Travel, both domestic and international, is practically dead at this time. Countries are closing their borders. The lockdown in the Philippines, for instance, bars all inbound international flights, as well as domestic flights. This means that hotels, restaurants, airlines, travel agencies and other tourism-related activities must take a big gulp of financial oxygen and hold on until the lockdown, called enhanced community quarantine in the Philippines, is lifted.
We do not, should not, mind the home quarantine. It’s an agreed fact that social distancing measures, including the home quarantine, is critical to avoid the further spread of this highly contagious and deadly coronavirus. There is no cure for the Coronavirus Disease 2019 (Covid-19) and the development of a vaccine will take some time, according to the World Health Organization. The best thing we can do right now is to stay home.
Stay at home. We cannot emphasize this enough. We’ve seen the messages from doctors and other medical frontliners — “we go to work for you, stay home for us.”
The now-familiar scenes all over the world is beautiful and, the same time, eerie. Beaches and resorts are empty. Traffic on highways is non-existent. Crowded malls and shopping centers are empty. Restaurants, once vibrant with happy chatter of patrons, are closed.
Writing about travel-related topics at this time is challenging. There’s a fine line between being positive in featuring the natural beauty of the Philippines, and being insensitive to the hardships of some sectors of our society. It’s never our intention to cross that line. We hope that we haven’t crossed that line by writing this post.
We just want to feature the beauty of the Philippines. We just want to tell the world what’s beautiful about ‘Pinas.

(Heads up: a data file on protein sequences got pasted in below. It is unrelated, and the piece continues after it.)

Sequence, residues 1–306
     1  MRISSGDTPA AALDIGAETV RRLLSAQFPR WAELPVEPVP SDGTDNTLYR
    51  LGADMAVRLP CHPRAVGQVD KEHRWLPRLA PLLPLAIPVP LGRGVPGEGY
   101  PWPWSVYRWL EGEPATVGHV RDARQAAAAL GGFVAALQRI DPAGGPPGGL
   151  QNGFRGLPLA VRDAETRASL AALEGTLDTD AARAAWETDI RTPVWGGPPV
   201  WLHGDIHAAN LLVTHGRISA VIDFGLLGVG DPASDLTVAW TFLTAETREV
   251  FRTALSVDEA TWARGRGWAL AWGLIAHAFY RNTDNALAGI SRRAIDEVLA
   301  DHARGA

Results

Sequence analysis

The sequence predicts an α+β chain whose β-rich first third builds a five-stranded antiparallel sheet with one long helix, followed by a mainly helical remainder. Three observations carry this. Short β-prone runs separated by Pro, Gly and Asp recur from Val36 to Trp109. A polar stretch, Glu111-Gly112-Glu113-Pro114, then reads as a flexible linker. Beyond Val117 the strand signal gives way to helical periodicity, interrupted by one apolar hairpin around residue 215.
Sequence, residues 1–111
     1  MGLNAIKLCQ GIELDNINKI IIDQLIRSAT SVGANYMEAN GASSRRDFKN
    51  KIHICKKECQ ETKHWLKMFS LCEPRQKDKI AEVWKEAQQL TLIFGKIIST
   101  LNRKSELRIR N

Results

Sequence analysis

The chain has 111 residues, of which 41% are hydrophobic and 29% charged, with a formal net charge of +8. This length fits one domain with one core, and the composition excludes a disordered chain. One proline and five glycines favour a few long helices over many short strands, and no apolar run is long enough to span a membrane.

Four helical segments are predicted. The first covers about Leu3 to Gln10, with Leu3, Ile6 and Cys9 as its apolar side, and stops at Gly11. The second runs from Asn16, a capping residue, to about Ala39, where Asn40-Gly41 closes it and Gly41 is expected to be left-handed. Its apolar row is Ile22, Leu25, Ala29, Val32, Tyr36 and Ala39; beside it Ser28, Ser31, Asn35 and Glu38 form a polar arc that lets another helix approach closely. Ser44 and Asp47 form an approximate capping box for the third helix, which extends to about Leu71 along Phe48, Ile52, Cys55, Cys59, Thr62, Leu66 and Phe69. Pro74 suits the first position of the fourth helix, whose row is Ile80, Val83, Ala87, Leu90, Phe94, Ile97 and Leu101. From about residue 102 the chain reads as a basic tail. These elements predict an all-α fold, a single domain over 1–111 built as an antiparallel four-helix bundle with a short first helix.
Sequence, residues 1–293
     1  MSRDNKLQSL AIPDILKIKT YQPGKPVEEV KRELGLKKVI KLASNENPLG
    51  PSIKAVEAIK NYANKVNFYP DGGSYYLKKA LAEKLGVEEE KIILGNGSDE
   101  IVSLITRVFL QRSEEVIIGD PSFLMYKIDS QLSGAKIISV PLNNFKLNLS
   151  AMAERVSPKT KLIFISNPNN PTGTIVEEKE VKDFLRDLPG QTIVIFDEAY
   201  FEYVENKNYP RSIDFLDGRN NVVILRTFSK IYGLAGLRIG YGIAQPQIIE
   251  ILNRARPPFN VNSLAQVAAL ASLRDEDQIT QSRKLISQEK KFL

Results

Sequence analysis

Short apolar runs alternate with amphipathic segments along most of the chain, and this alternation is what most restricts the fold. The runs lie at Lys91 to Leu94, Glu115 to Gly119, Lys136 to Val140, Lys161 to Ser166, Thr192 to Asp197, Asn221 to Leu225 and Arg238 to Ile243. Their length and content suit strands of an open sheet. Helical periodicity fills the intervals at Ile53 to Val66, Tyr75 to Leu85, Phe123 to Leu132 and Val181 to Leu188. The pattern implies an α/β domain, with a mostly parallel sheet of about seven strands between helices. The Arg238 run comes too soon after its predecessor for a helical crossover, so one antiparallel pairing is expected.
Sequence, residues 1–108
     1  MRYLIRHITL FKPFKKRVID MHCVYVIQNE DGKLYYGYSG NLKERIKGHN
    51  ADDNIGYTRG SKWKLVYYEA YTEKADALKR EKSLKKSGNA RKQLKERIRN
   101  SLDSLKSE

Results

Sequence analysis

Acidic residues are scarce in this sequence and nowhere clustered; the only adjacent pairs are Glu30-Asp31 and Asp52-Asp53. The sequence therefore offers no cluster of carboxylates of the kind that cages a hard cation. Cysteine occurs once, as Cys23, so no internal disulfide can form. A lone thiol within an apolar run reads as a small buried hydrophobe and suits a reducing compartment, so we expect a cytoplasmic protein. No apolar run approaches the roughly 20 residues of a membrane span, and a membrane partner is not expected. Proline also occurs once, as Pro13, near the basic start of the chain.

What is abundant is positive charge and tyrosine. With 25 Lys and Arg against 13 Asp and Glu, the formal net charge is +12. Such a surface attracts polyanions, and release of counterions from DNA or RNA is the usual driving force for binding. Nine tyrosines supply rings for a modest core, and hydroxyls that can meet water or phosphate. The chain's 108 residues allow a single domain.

Truth is, the natural beauty of the Philippines has been highlighted with the lockdown in practically the entire country (the Presidential lockdown declaration covers only the entire Luzon, but other areas have also declared their localized lockdown). The absence of tourists has allowed the local destinations to breathe. Yes, even the crowded cities.
The home quarantine doesn’t mean that we cannot go outside. In a limited capacity, we can still go out to buy basic necessities. Selected businesses are still open. We can still go out to smell the fresh air, even from the top of a Makati City skyscraper. If it was unthinkable, a few months ago, to use “fresh air” with “city,” it’s entirely possible to actually enjoy such combination during this lockdown.
In some other time, it must be delightful to stay at home and not work. But when it’s an enforced lockdown for weeks, our butts naturally begin to itch. We begin to reason out that if the goal is social or physical isolation, we can do exactly just that by going to the beautiful, yet isoldated, destinations in the Philippines. A star-lit evening, perhaps?
Or how about getting caught up with the community quarantine while in the isolated island-province of Batanes? That would have been a happy accident.
Of course, we can’t go to Batanes at this time. There’s a lockdown in Luzon. Domestic air and sea travel, the only ways to get to Batanes, are suspended. There are checkpoints everywhere. Good for you if you actually live in Batanes. You can enjoy this paradise all to yourself.
We will be coming up with features about the Philippines in this travel-free time. Your suggestions are most welcome. There must be a way to talk about the beauty of the Philippines despite the coronavirus-induced lockdown. This is something we can do instead of complaining about the home quarantine. It’s just a matter of time before we overcome this crisis. Hang on, kabayan. Stay home.
[Photos reproduced with permission (thanks). Tag your Philippine travel photos with #visitpinas so we can track it down. Photos will be featured in this blog’s photo of the day and in instagram/VisitPinas, facebook/VisitPinas, twitter/VisitPinas.]